Should I get a second opinion or switch dentists if my current dentist cannot save a furcation involvement tooth? After rescheduling my dental exam and cleaning for over two years, the office recommended coming in to prevent me from being considered a new patient after three years. I spoke to the dentist one evening, and she assured me that my anxiety would be better with sedation. That encouraged me to schedule an appointment, so my dentist prescribed triazolam, which helped so much. I was surprised that I was so relaxed, and so was my wife. I suspected that I had gum disease because of my puffy gums that ooze pus and bleed. I didn’t know it was so bad, though. My dentist said I have furcation involvement, which I’ve never heard of. She showed me an x-ray that showed the furcation affects a root canal tooth. So now I am afraid that I will lose the tooth. I don’t know what treatment the dentist will recommend, but I wonder what to do if she can’t save it. I dread talking to another dentist about my anxiety and seeing if their sedation options will work for me. I regret waiting so long to see my dentist. Should I plan for a second opinion now? – Thanks. Esteban from Saginaw, MI
We are most concerned about your inflamed and bleeding gums. Gum disease causes bleeding and inflammation in its early stages. If your gums ooze pus, the infection is advancing.
Only deep dental cleanings from a hygienist can clean the deep bacteria-filled pockets between your teeth and gums. Sometimes, a periodontist will make an opening in the gum tissue to access and remove bacteria. You will also need a diligent oral hygiene routine at home to help control gum disease. You didn’t mention whether your dentist is treating your gum disease or referring you to a specialist, but you can experience tooth loss from untreated gum disease.
What Is Furcation Involvement?
A furcation is a place where tooth roots separate because of gum disease. Only premolar and molar teeth have more than one root, so furcation only affects molar teeth. Furcation involvement is bone loss beneath the furcation, or where a tooth’s roots have separated. Bone loss or gum recession can make the furcation visible above the gumline, as shown in the picture to the right.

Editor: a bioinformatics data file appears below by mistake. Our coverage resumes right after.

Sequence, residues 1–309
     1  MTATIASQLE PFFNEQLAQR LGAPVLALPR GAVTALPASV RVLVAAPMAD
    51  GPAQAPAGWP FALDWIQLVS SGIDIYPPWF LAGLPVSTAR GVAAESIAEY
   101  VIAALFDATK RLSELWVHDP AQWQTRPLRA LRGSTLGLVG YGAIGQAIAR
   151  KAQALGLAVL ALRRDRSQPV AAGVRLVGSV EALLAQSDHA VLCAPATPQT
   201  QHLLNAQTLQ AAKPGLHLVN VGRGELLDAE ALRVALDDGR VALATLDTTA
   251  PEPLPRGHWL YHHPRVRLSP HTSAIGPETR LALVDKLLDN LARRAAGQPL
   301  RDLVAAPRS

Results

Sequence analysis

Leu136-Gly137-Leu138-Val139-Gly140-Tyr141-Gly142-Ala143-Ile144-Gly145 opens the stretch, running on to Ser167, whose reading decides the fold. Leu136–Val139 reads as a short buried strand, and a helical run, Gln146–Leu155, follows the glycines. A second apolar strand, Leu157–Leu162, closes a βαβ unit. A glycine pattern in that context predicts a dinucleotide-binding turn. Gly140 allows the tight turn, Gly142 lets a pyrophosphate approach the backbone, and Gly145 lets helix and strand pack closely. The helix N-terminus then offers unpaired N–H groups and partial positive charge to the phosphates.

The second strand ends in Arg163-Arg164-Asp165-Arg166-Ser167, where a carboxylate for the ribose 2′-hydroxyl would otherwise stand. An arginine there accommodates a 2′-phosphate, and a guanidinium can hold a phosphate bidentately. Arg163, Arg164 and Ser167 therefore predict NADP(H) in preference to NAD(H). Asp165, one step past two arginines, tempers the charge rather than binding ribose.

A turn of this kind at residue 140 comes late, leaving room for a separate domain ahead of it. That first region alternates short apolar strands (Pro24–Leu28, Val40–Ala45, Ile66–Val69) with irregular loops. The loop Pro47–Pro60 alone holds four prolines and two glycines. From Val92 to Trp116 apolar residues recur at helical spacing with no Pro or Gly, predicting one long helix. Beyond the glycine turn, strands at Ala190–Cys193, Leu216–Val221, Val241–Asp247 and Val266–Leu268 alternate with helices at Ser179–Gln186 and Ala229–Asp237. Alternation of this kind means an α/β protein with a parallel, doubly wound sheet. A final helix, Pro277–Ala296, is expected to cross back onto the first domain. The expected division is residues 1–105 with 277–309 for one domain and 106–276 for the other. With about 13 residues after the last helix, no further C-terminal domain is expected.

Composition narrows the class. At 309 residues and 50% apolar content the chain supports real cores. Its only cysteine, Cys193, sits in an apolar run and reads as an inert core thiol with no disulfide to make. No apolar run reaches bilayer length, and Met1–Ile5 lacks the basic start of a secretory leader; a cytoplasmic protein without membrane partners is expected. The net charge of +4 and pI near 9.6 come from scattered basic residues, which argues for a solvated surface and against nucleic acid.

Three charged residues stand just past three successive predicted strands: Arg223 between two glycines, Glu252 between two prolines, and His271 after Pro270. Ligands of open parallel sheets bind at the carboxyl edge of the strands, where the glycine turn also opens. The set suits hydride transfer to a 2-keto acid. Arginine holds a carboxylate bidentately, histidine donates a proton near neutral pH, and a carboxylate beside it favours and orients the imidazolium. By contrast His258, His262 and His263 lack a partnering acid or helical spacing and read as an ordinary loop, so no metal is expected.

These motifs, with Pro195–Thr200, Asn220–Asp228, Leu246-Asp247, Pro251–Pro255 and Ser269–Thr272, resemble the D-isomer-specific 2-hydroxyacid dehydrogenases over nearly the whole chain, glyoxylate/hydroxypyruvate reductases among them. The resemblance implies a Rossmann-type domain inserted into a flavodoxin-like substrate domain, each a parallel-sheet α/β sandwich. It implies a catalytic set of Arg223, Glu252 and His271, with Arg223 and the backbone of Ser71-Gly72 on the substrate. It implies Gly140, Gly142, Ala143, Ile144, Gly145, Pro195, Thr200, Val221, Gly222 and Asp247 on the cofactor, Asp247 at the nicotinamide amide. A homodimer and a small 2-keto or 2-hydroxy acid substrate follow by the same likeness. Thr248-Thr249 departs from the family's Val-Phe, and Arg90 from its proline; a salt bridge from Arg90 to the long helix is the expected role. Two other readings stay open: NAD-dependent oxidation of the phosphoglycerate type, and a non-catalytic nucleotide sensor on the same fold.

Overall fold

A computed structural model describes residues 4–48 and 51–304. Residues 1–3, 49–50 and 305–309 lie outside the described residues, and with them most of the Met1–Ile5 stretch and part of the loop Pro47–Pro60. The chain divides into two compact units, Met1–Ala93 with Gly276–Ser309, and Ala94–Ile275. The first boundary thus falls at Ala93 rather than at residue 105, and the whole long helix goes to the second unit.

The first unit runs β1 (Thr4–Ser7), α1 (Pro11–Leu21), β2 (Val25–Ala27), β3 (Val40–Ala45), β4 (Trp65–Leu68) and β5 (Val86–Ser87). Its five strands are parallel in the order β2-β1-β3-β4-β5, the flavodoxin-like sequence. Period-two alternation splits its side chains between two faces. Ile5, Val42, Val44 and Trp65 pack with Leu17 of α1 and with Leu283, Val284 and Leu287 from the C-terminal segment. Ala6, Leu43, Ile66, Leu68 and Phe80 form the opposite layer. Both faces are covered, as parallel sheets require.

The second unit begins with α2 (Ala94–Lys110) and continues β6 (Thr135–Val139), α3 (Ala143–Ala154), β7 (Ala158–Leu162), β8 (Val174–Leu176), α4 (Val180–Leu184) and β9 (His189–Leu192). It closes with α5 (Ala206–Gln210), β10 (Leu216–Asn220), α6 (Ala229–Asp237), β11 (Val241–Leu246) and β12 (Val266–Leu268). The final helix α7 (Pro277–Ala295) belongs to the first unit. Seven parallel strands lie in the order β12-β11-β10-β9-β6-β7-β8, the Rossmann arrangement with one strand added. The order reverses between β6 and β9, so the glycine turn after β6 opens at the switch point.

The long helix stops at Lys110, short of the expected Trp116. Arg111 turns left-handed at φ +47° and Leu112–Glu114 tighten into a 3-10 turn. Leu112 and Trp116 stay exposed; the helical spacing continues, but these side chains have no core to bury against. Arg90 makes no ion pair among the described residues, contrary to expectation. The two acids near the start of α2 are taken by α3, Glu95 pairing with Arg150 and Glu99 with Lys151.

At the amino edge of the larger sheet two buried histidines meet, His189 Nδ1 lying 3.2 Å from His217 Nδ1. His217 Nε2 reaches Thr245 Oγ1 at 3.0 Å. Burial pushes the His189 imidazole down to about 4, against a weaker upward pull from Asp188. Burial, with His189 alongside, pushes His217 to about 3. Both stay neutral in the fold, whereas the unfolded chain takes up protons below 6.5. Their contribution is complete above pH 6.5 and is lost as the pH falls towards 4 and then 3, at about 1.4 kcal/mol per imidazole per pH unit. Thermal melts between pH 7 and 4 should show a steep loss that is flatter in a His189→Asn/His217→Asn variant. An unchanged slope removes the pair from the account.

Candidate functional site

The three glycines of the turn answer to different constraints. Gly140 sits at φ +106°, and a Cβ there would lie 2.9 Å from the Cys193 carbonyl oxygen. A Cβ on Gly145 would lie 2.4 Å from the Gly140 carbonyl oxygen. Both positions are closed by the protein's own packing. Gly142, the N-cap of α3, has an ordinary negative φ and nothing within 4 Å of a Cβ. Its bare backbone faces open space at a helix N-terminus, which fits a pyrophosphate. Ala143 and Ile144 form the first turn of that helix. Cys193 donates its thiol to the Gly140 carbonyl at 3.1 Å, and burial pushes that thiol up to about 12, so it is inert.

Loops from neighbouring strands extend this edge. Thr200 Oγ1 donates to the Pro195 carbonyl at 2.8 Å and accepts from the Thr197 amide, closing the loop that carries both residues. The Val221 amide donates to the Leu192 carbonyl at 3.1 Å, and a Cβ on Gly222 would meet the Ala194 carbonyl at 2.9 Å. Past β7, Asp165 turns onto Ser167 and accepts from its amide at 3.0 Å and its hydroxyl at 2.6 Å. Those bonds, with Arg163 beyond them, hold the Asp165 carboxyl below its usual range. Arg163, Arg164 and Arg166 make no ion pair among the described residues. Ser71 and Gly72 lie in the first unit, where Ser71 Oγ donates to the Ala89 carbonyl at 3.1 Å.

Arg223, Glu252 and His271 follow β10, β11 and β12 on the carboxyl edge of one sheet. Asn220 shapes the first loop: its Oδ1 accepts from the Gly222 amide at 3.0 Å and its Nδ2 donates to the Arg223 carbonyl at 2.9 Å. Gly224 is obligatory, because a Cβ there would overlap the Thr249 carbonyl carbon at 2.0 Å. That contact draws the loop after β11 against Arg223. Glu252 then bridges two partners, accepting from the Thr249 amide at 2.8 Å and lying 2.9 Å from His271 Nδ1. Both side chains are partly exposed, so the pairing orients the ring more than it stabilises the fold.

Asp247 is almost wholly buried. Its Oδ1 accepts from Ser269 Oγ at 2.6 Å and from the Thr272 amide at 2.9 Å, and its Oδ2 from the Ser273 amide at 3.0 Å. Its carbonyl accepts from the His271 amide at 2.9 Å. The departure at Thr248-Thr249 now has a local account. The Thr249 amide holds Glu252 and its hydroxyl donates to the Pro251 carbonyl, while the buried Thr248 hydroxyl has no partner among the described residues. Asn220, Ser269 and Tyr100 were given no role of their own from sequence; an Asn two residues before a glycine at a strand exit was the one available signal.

What Are the Effects of Furcation and Furcation Involvement?
Some effects of furcation and furcation involvement include the following:
- Ten to twenty percent bone loss. Most of the bone around the tooth is still intact, enough to prevent tooth loss.
- Plaque buildup. The furcation leaves space for plaque buildup, making it more challenging to keep the area clean.
- Treatment intervention. A periodontist or dentist with advanced gum disease training will develop a treatment plan for cleaning a restoring your gum tissue. A dental hygienist will maintain the area during regular appointments. The hygienist will show you how to use an interdental brush to keep the place clean at home.
Is Your Root Canal Tooth at Risk?
Your description sounds like the root canal treatment on your tooth is still effective. Although root canal failure can occur, it is usually evident within the first two months after the procedure. After the tooth heals, it is no longer at risk.
Gum disease treatment is the priority for you. The risk of losing a tooth is low if you seek prompt treatment. Otherwise, gum disease can destroy teeth and the supporting bone. You are welcome to get a second opinion from another dentist. However, if your dentist does not have advanced training in gum disease treatment, schedule an appointment with a periodontist (gum, teeth, and bone specialist) immediately. When you schedule the appointment, you can ask to speak with the periodontist about your anxiety and options for sedation to keep you relaxed during treatment.